America's 5 Worst Wartime Presidents

Where does Obama rank? 

No presidential decision is as politically hazardous as the war decision. That’s because voters are quicker and more ferocious in turning on their chief executives when wars go awry than when events become troublesome in other areas of governance. Woe be to the president who finds himself in a war he can’t win and can’t get out of, or finds that the price of war far outweighs the promised benefits, or learns that the rationale for war doesn’t hold up.

Herewith, then, a catalogue of the country’s five  worst wartime presidents, men who took their country to war, or continued an inherited war, but couldn’t bring success to the war effort. In four instances, we can see what kind of price they paid, or their parties paid, for their lack of success. In the fifth instance, the case of Barack Obama’s war decisions in Iraq, Afghanistan and surrounding Mideast lands, it’s still an open question what kind of price will be paid.

Of the country’s forty-four chief executives, thirteen were serious war presidents, four through inheritance and the rest through initiation. They are: Madison, Polk, Lincoln, McKinley, Wilson, Franklin Roosevelt, Truman (by inheritance and initiation), Eisenhower (by inheritance), Lyndon Johnson, Nixon (by inheritance), George H. W. Bush, George W. Bush, and Obama (by inheritance). Of these, the clear failures were Wilson, Truman, Johnson, and George W. Bush. Obama occupies a kind of middle territory, but ultimately he must be placed in the circle of those who couldn’t bring success to their wartime management. (Madison is the subject of ongoing historical debate as to his success or failure as a wartime president, but I consider him, on balance, more of a success than a failure, for reasons outlined in my book, Where They Stand: The American Presidents in the Eyes of Voters and Historians.)

Wilson and World War I:

The lesson of Wilson and World War I is that when presidents take the country to war, they must protect the home front as far as possible. Wilson’s war devastated the American home front while also contributing to European chaos that helped spawn World War II.

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In standing for reelection in 1916, Wilson took credit for keeping his country out of the European war. Then, immediately upon winning the election, he sought to get his country into the war. In fairness, he faced a fearsome challenge of neutrality with the British blockade against the Central Powers—designed, as the pugnacious Winston Churchill put it, “to starve the whole population [of Germany]—men, women, and children, old and young, wounded and sound, into submission.” To counter that serious threat, the Germans initiated submarine attacks to stop munitions shipments to Britain and counteract the blockade. Facing this thicket, Wilson unwisely violated the principle of neutrality by observing the British blockade while allowing British merchant ships access to U.S. ports, thus making America complicit in armament shipments to Britain. He also declared that Germany would be held accountable for any U.S. loss of life or property from German submarine attacks as the Germans desperately sought some relief from the blockade and arms shipments to Britain.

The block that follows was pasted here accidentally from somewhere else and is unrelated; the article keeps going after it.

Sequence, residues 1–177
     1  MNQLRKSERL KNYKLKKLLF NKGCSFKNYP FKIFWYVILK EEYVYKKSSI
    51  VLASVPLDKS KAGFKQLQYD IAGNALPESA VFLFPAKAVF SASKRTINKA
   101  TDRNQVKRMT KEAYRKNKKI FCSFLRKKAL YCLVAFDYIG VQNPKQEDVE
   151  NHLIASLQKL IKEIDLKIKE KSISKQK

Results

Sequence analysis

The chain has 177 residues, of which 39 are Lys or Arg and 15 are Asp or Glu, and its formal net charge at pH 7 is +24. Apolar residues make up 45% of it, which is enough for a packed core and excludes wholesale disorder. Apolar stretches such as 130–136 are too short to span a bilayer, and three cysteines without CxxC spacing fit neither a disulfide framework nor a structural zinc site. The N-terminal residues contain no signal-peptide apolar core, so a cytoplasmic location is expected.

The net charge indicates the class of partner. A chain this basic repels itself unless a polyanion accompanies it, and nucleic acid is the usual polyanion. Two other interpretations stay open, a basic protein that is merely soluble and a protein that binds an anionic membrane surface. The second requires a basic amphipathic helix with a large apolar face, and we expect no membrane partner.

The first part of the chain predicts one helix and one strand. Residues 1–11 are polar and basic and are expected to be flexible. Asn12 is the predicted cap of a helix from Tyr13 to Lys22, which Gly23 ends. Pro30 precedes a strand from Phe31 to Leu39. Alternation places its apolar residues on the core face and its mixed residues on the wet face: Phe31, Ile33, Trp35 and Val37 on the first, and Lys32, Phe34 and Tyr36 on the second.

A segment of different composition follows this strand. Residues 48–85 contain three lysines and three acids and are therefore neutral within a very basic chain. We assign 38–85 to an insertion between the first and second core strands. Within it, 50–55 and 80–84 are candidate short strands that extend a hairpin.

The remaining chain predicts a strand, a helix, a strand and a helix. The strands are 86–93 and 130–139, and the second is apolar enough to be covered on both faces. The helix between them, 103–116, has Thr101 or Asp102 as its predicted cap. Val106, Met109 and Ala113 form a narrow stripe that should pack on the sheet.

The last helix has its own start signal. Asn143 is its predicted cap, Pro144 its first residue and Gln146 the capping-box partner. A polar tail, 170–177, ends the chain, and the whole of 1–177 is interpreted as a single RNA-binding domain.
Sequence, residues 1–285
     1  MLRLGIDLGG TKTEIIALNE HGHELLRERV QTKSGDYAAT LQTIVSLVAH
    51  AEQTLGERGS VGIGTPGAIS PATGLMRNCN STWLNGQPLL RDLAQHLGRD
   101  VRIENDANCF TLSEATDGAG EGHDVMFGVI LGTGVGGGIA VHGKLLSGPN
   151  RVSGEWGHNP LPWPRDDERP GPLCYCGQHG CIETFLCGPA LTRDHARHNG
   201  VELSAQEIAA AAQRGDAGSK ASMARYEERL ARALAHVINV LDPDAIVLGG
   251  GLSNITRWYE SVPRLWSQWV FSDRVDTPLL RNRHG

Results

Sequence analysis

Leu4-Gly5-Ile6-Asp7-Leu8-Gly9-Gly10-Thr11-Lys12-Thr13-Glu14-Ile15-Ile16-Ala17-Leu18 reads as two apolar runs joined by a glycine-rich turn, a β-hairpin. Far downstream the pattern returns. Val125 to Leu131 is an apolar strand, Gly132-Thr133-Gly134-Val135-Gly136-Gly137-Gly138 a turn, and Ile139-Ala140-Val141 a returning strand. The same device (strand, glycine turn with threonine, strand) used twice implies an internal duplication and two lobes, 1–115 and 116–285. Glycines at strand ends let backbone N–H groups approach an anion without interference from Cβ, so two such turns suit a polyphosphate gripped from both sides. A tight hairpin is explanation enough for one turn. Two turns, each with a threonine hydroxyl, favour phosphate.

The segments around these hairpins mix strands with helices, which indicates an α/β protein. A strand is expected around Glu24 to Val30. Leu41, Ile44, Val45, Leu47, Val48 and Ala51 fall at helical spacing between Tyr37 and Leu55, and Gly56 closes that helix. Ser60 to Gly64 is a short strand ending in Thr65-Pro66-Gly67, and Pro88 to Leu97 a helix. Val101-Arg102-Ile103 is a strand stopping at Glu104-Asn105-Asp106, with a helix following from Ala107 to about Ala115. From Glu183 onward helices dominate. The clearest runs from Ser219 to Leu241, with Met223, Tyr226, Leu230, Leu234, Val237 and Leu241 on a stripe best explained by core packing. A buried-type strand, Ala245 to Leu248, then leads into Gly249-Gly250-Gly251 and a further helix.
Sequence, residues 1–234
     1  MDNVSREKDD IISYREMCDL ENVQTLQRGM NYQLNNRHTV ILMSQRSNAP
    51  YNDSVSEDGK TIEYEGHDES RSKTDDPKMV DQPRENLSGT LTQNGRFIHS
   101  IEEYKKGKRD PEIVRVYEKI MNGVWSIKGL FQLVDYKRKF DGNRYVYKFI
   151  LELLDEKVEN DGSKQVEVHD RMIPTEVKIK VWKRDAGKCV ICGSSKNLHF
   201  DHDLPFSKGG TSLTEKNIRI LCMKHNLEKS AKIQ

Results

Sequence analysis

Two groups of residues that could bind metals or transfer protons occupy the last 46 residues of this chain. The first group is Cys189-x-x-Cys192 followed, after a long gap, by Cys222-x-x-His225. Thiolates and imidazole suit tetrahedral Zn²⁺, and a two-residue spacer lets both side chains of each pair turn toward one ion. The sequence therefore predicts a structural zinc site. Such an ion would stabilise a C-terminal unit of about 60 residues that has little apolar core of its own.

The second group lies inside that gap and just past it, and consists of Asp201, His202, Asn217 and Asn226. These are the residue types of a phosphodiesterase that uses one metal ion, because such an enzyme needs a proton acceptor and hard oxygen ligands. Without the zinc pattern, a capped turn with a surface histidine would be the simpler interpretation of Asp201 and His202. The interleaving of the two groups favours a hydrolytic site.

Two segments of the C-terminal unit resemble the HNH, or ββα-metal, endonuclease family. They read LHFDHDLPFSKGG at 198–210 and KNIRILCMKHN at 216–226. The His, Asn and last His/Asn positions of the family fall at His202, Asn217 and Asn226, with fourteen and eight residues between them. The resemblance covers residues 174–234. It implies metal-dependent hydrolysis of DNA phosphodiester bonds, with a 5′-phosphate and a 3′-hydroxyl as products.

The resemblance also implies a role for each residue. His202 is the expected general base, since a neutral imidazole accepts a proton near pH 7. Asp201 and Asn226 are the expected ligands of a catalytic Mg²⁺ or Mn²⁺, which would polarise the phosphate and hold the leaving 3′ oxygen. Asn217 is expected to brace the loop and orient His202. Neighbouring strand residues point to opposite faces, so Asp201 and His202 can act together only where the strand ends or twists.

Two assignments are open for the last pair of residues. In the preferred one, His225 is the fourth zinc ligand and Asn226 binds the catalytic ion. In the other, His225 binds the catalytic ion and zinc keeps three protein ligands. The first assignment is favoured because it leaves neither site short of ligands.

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Wilson’s secretary of state, William Jennings Bryan, saw that this lopsided approach would lead to war. He warned Wilson, then resigned in protest. But Wilson continued his policy until he got the war he wanted. Events then made a mockery of his gauzy notions about America being “the light which will shine unto all generations and guide the feet of mankind to the goal of justice and liberty and peace.”

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Instead, once he broke the military stalemate on the Continent and fostered the Versailles peace conference, he came up against some powerful nationalist forces, personified by France’s relentless Georges Clemenceau and Britain’s David Lloyd George. Inevitably, his idealism was mocked by the realities of geography, power differentials, cultural passions, and national interest. Many scholars have argued that Germany was crushed under the Allied boot with such harshness that a subsequent war became inevitable. In his book The Kings Depart, historian Richard Watt wrote, “The single name most inextricably bound up with the Treaty of Versailles, and consequently with its failure, was that of Thomas Woodrow Wilson. The dream of a world of happy peoples, each assembled into an entity of its own nationality and living in its own historical geographic location, were now seen to have been imbecilic wishes which could not and would not come true.”

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